Throughout the late summer is when the firefly eggs will begin to hatch. This leads us to our second stage, larva. Firefly larvae will spend this entire stage of life living throughout the soil as they are not able to fly yet. Although not all species of fireflies will glow as adults, they all do as larva.
Some refer to these larvae as glow worms, as you can see them begin to produce a steady dull glow. Their diets consist of hunting worms, snails, and slugs. Larvae hunt by using their digestive enzymes to inject their prey, which leaves them immobilized. They then liquefy the prey’s remains for consumption.
During late spring, firefly larvae are ready to begin the third stage, which is pupating. Depending on the species, firefly larva can pupate in different ways. One species of larva will build mud chambers in the soil and settle within it. Another species will stick itself onto a tree bark and hang upside down, similar to a caterpillar.
Once the firefly larvae have chosen the way in which they will pupate, an incredible transformation known as histolysis occurs. This process begins with the larvae body being broken down as the transformative cells begin to activate. Once the transformative cells have been activated, this triggers the biochemical process that turns the larva into an adult. Several weeks after pupation is when the adult firefly is ready to emerge.
As mentioned earlier, the adult stage of a firefly only lasts around two months. The main priority of an adult firefly’s short life is to reproduce – that’s it! Male fireflies will use their light to blink in a specific pattern to attract a mate. If a female is interested, she will reciprocate the pattern in response. Once having mated and reproduced, the firefly will die soon after. Then the life cycle will be repeated all over.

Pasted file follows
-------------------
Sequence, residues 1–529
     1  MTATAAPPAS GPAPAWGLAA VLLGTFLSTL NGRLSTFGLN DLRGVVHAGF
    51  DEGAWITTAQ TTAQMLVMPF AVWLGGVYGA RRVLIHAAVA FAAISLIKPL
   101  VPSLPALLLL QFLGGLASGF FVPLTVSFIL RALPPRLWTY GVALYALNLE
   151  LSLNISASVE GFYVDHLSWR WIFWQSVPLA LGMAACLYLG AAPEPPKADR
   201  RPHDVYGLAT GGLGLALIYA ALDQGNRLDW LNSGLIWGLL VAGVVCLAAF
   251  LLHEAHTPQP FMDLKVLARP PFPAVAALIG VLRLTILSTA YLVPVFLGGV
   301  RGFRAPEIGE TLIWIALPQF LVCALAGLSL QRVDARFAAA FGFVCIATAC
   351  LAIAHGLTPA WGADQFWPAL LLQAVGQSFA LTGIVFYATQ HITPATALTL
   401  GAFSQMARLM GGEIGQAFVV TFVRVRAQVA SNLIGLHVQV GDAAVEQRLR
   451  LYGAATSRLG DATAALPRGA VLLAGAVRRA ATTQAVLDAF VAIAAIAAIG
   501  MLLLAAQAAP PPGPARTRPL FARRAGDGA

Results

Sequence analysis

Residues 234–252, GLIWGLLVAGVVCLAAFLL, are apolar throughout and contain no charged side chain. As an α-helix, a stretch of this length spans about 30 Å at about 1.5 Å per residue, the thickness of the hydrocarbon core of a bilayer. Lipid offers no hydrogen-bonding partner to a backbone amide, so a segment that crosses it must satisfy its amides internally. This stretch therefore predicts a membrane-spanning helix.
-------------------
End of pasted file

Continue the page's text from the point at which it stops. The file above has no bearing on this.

What Factors Shorten A Firefly’s Lifespan?
Although short, the lifespan of fireflies is affected by various things. Scientists have noticed a decline in fireflies as of recently.
Some of the factors contributing to the loss of fireflies are:
- Light Pollution: Building lights and bright street lights have been making it difficult for fireflies to communicate with each other throughout mating season. Light pollution contributes to the interference of their signaling pattern. Car headlights passing by can also interfere with a firefly’s synchronous patterns as well as bright lights from houses and stores.
- Habitat Destruction: Fireflies can be incredibly picky about their habitats. Once these habitats are destroyed, it can be very difficult for them to recover. Due to residential development and urbanization, these environments are being taken away, leaving many fireflies without homes and in decline.
- Pesticides: Lawn chemicals and pesticides are also considered a huge danger to fireflies. Fireflies prefer to lay their eggs in soil and because of the high usage of insecticides, their eggs and larvae are exposed to these insecticides and die before reaching adulthood.
The Featured Image
Thank you for reading! Have some feedback for us? Contact the AZ Animals editorial team.